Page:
In a recent interview, Kurdish prime minister of the KDP (Kurdish Diplomatic Party) and former president Masoud Barzani said, “The deployment of the Peshmerga to help their fellow Kurds in Afrin against Turkey’s military operation will not help solve the problem.” The conflict in Afrin has stirred up a lot of sympathy and support for both parties involved in the fighting.
This however has not changed the fact that many do not want to get involved in the conflict. Barzani later stated, “We are deeply concerned. And we do hope that this military operation would stop as soon as possible, because the fighting and wars are not the solution to the problem,” and that, “Sending Peshmerga will not solve the issue there. The best assistance we can offer is trying our best to stop the offensive.”
In 2014, the Islamic State attacked the Syrian city of Kobane and brought the region to its knees. Following this, Barzani sent the Peshmerga to defend the city alongside the YPG. When this happened, Turkey sanctioned the movement, as the Deployment of Peshmerga would have to pass through Turkish territory to reach Kobane. There are alternate routes available this time around to the Peshmerga but Barzani is attempting to play off the perceived winner; that would be the NATO partner with the 2nd largest military in the world.
 A representative and high-ranking member of the Kurdish Patriotic Union of Kurdistan (PUK) member, Mala Bakhtiar, spoke of the willingness by his party to send their Peshmerga to Afrin. He made it clear that their soldiers were prepared to fight against the Turkish military’s Operation Olive Branch, the chosen title for the Turkish forces’ efforts.
He was also quick to recognize that to undertake such an endeavor would be nearly impossible. Hollow words that may have been made with good intent, are ultimately pointless without action. He stated that the YPG and their efforts were “sacred” and expressed his hope that Turkey would be willing to reach a peaceful resolution by engaging in diplomacy with Kurdish representatives.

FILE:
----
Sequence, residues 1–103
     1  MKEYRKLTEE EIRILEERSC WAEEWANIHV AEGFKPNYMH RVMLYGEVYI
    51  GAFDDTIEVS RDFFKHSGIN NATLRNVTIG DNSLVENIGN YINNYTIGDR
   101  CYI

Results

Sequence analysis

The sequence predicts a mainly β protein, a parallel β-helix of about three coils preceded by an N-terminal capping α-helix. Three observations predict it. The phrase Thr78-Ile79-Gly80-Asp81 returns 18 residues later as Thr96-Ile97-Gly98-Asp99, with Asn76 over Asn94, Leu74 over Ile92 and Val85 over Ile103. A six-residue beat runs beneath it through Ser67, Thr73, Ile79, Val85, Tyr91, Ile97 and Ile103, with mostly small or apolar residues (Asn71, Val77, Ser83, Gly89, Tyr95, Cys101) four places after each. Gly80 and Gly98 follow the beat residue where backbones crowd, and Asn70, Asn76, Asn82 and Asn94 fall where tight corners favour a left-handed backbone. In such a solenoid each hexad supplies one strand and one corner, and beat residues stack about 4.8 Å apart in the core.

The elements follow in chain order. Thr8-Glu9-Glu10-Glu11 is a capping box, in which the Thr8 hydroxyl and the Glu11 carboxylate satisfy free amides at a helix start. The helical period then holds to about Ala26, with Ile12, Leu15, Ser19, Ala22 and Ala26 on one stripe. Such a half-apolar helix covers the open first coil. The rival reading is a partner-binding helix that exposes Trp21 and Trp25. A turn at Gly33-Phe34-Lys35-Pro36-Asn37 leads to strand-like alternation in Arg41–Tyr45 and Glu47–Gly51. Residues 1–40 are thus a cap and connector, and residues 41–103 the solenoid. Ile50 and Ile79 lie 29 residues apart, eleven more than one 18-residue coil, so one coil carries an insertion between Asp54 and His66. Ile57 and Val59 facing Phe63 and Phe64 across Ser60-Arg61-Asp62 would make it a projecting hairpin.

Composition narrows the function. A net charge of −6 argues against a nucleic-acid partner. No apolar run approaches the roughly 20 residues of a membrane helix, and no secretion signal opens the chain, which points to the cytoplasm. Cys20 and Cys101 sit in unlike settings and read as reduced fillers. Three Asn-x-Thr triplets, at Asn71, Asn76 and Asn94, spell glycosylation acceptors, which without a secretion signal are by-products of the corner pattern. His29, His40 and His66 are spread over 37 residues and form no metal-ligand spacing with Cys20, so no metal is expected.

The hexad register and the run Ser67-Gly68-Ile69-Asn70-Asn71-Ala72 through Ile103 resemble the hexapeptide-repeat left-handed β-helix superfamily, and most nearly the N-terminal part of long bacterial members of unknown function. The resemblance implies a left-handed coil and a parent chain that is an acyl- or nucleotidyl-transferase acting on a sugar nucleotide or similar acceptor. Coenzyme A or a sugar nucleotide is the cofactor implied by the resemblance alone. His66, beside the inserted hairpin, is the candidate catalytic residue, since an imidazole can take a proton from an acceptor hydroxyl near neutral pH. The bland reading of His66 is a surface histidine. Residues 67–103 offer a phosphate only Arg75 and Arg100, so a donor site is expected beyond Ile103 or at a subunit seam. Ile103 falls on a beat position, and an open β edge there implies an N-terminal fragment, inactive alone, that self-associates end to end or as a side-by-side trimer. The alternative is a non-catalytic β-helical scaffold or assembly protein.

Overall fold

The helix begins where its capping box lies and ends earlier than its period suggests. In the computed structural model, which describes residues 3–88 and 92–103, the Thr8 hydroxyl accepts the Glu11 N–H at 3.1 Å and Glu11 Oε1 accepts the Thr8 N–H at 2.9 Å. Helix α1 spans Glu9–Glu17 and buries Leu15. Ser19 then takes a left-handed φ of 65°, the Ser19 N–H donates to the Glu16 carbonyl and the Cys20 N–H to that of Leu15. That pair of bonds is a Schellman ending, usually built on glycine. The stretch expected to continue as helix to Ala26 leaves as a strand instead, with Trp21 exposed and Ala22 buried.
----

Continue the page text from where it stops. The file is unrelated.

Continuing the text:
Turkey views the YPG as having a direct link to the PKK (which is mostly accurate), a group fighting for cultural and national rights of Kurds by conducting guerrilla warfare operations from within Turkey’s borders for more than 30 years. The PKK, while labeled as terrorists by Turkey and operating almost exclusively against it, is the older sibling to the YPG. The YPG however is directly supported and supplied by the U.S.-led coalition operating in the Middle East; primarily combating Islamic terrorism perpetrated by the Islamic State. The YPG, officially, denies the accusations of links to the PKK.
A senior analyst employed by for ICG (International Crisis Group), Noah Bonsey, made the suggestion that the Turkish and Kurdish cannot resolve their discrepancies without the support of one another. The call was made for Turkey and Kurdistan to attempt to continue the peace that was seen prior to 2015 and for both sides to continue negotiations with each other. It was proposed that both sides and their forces would decease any cross-border activities and peace talks would immediately follow. In reference to the current clashes occurring in and around Afrin, Bonsey predicted, “is likely to prove indecisive and costly for both sides,” and that the whole ordeal was causing a “headache” for the United States government.
While the two countries, the U.S. and Turkey, are NATO allies, both sides strongly disagree with each other when it comes to the fate of Kurdish lands and people now that the Islamic State has collapsed. Presidents Erdogan and Trump met this past week, the two discussed the current situation in Syria; Afrin in particular. Neither has reached an agreement or solid position on the future of the region and as such, the violence continues.
Featured image courtesy of AP